The Contemplation of No-Self in Mahayana Buddhism, Preface

The Contemplation of No-Self in Mahayana Buddhism



Venerable Xiao Pingshi


The way to Buddhahood can be found only in the Great Vehicle. It is absent in the Two Vehicles and is unknown to the noble persons pursuing the Two Vehicles. The Two Vehicles are limited to the observation and contemplation of phenomenal existence—the aggregates, sense fields, and elements. Their cultivation primarily uses the Four Foundations of Mindfulness[1] to realize the Four Noble Truths, the Noble Eightfold Path, and the Twelve Links of Dependent Origination. The Buddha implicitly touches upon the ultimate reality (the essence of the remainderless nirvana) underlying this phenomenal existence in his teachings on the Two Vehicles. However, the disciples of the Two Vehicles—whether learners or adepts—have no insight into it. Only when they decide to pursue the Great Vehicle will the Buddha help them realize the ultimate reality, through which they can become great bodhisattvas in the Great Vehicle.


In this Dharma-ending era, the teachings about the way to Buddhahood have already been lost in most of the places, and the Buddhist “masters” of our time no longer have the correct knowledge of them. A case in point is Buddhist master Yin-shun. In The Way to Buddhahood, he presents teachings that deviate from, or are irrelevant to, the correct cultivation of Buddhahood as taught by Buddha Śākyamuni. On close examination of his doctrinal position, it is apparent that Yin-shun was essentially a proponent of the Prāsaṅgika Madhyamaka[2] philosophy espoused by the Gelug sect of “Tibetan Buddhism[3]”. This philosophy is a form of nihilism grounded in the theory that all phenomena are interdependently originated without the need for a fundamental cause. It is an idea born out of speculation and is at odds with the correct cultivation of Buddhahood.


The cultivation central to the attainment of Buddhahood concerns the knowledge-of-all-aspects[4], the knowledge of the myriad functional seeds stored within the fundamental mind. This fundamental mind and the immeasurable seeds it contains bring into existence the five aggregates, the twelve sense fields, and the eighteen elements that constitute a sentient being. When a sentient being’s eighteen elements have been fully generated, they will further interact with the seeds in the fundamental mind to directly and indirectly produce all ordinary or noble phenomena within the ten dharma realms of reality, which will enable the manifestation of all kinds of unconditioned supramundane dharmas. Thus, it is said that the ultimate reality of all phenomena is this inherently self-existing fundamental mind called the ālayavijñāna (ālaya-consciousness) or tathāgatagarbha. All sentient beings owe their existence to their own tathāgatagarbha, which before awakening is given the name “ālaya-consciousness.” The ālaya-consciousness is precisely the eighth consciousness or the reality-suchness[5], to which all enlightened Chan practitioners have awakened.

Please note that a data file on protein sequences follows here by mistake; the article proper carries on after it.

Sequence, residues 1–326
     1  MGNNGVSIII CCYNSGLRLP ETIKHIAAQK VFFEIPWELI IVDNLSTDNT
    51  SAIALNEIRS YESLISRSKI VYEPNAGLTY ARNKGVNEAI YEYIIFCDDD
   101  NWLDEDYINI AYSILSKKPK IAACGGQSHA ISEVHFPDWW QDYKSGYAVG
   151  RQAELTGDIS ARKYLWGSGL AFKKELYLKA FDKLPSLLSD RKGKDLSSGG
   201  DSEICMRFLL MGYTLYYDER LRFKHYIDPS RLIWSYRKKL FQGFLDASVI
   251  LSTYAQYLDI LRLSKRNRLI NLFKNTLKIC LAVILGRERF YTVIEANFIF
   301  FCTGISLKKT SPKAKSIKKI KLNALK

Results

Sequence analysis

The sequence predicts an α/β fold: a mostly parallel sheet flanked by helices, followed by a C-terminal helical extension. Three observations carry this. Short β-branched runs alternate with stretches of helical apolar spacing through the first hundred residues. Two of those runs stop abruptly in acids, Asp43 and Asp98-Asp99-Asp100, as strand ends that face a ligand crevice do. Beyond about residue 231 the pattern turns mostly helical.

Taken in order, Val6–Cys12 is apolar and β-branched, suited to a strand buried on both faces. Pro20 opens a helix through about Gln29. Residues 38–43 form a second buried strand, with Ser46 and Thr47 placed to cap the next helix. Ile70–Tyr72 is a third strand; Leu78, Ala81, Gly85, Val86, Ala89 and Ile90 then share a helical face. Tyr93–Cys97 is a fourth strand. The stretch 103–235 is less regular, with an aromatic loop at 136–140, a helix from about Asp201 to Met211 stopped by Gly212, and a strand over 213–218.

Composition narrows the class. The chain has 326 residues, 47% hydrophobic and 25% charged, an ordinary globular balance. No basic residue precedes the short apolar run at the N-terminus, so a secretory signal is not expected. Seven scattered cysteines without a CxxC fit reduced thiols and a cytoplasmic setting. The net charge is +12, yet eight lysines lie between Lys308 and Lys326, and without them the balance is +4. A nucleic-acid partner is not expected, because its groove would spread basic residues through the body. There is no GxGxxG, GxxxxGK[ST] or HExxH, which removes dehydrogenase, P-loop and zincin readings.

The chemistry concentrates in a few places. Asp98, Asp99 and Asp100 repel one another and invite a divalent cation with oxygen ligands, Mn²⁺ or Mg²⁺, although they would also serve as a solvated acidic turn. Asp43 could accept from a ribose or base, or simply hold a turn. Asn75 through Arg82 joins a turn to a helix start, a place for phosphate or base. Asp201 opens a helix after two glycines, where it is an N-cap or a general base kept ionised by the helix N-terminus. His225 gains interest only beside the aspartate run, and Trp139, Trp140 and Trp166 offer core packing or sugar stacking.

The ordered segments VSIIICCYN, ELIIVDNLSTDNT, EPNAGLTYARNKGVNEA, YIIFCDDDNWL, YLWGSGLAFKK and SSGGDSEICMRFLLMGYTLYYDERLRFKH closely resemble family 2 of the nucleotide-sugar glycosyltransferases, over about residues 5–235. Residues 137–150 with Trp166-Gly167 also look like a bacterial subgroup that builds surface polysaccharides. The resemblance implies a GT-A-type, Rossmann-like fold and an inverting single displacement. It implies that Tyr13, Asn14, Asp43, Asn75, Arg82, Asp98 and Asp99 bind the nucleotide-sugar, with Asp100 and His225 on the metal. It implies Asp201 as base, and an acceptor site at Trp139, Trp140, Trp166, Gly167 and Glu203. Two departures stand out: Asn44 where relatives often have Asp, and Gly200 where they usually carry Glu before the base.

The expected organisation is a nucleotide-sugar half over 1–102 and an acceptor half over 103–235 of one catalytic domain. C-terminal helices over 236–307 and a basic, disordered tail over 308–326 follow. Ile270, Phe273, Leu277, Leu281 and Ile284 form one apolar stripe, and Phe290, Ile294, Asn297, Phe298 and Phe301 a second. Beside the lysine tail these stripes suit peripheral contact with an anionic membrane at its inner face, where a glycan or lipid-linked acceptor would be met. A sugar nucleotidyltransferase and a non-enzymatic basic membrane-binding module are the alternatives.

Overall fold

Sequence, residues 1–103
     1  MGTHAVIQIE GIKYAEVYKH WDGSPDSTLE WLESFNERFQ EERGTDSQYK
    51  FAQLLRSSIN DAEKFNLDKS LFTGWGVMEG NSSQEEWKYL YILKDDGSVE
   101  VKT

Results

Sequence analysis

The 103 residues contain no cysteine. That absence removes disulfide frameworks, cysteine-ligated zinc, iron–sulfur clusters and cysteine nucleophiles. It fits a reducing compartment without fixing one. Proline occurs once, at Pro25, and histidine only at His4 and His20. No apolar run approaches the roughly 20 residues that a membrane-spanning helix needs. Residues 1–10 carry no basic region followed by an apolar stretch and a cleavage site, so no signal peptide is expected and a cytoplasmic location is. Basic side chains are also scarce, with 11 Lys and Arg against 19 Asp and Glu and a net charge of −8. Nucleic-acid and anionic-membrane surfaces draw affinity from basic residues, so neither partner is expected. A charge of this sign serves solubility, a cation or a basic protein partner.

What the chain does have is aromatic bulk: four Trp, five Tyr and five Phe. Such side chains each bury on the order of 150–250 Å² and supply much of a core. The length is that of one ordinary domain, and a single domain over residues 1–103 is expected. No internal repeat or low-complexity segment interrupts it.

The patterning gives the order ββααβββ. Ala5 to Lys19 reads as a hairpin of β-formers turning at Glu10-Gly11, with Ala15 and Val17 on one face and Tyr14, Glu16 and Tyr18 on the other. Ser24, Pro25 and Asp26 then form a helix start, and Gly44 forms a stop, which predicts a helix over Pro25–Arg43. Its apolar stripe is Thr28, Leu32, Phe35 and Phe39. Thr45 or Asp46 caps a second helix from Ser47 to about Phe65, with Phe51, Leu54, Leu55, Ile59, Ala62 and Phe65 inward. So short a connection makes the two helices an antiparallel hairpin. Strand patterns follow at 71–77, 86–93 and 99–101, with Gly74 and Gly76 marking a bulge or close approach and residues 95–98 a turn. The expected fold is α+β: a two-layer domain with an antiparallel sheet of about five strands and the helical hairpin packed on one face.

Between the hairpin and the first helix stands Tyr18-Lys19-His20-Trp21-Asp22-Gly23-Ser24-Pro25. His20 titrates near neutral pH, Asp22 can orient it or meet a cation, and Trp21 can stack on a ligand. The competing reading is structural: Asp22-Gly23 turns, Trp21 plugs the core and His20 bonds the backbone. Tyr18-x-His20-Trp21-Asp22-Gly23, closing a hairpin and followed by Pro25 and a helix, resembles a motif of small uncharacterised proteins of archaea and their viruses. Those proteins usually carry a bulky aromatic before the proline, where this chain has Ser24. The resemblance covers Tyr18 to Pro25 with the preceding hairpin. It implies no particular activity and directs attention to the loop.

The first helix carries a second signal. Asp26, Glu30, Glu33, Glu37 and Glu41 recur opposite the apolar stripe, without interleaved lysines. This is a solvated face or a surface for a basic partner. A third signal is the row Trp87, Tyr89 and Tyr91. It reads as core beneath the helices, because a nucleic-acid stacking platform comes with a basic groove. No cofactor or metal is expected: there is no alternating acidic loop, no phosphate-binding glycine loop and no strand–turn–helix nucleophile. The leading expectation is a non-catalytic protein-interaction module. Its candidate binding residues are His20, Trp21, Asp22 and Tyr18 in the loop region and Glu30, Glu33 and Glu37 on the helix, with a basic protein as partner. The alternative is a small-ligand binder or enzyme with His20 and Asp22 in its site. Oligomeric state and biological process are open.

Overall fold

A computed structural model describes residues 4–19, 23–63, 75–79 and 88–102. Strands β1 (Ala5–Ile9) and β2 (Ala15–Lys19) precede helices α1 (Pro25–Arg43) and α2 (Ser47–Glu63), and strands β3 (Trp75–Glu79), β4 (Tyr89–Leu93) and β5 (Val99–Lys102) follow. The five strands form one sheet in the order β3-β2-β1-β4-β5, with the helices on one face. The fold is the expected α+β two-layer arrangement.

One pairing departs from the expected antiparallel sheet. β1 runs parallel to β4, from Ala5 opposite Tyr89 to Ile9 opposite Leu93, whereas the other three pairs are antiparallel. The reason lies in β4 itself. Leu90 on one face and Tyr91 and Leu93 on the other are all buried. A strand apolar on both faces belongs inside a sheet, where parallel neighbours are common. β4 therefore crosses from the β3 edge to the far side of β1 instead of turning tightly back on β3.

Since ancient times, there have always been Chan practitioners who declare that “awakening means immediate attainment of the ultimate Buddhahood” soon after one has attained the direct realization of the ālayavijñāna. These newly “enlightened” practitioners have not developed a thorough understanding of the way to Buddhahood. They make this presumptuous and lofty statement because they have unwisely bought into the views of those whose awakening was either false or shallow and have failed to explore why many great bodhisattvas mentioned in the sutras did not attain Buddhahood immediately after awakening to the ālayavijñāna. As a result, they fell prey to wild Chan[6]. The deviant discourses they disseminated misled Buddhist learners of both their own time and the present day.


Practitioners fall victim to wild Chan usually for any of the following reasons: (1) they do not truly understand the content of Chan awakening and how this awakening should be positioned with respect to the cultivation sequence of prajñā, the wisdom regarding the ultimate reality; (2) they do not understand that the scriptural teachings associated with the third turning of the Dharma Wheel are discourses on the training in higher wisdom[7] of the knowledge-of-all-aspects undertaken by enlightened bodhisattvas on or above the First Ground of the Bodhisattva Path; (3) their understanding of the stages of cultivation in the Bodhisattva Path is incorrect; or (4) they are unable to comprehend and realize the Buddha’s implicit teachings of the ultimate reality in the Āgamas. Consequently, they adopt erroneous exegeses, such as Yin-shun’s exegesis of the Āgamas; become beguiled by the Prāsaṅgika Madhyamaka philosophy promoted by “Tibetan Buddhism”; or even become avid supporters of the propagation of the Prāsaṅgika Madhyamaka. In doing so, they unknowingly commit the extremely grievous sin of undermining the Buddha Dharma, all the while believing that they are protecting and spreading it.


To guard against wild Chan and its undesirable consequences, Buddhist practitioners should understand that while attaining Chan awakening is highly important, it is equally crucial to acquire a thorough understanding of the content of Chan awakening and to which stage this awakening corresponds on the Bodhisattva Path. In the Great Vehicle cultivation of prajñā, Chan awakening corresponds only to the initial phase of the Path of Vision; it is a long way before the First Ground on the Bodhisattva Path, where proficient comprehension of prajñā is attained. Therefore, after attaining awakening, practitioners with a correct understanding of this sequence of cultivation will begin to pursue the post-awakening cultivation they need to advance toward Buddhahood. They will study the sutras successively and eventually pore over the Consciousness-Only scriptures explicated during the third turning of the Dharma Wheel. With earnest investigation, they will gradually learn about the correct sequence of cultivation on the Bodhisattva Path and eventually reach the First Ground, also known as the “stage of proficiency.”